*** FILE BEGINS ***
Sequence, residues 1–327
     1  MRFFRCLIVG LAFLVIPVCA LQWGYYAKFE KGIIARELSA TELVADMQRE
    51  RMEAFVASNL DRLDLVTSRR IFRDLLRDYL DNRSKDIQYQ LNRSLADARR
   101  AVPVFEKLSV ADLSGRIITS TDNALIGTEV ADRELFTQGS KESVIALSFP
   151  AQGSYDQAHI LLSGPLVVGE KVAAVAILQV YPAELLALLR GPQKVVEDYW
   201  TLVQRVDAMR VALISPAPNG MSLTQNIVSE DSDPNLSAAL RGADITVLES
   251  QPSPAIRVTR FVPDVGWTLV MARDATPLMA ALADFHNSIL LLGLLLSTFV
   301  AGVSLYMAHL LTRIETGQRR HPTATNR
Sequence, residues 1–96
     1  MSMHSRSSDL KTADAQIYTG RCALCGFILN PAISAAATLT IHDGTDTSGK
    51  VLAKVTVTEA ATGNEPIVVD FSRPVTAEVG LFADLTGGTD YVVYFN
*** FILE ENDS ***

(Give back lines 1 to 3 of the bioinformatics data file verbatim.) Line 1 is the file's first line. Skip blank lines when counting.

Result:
Sequence, residues 1–327
     1  MRFFRCLIVG LAFLVIPVCA LQWGYYAKFE KGIIARELSA TELVADMQRE
    51  RMEAFVASNL DRLDLVTSRR IFRDLLRDYL DNRSKDIQYQ LNRSLADARR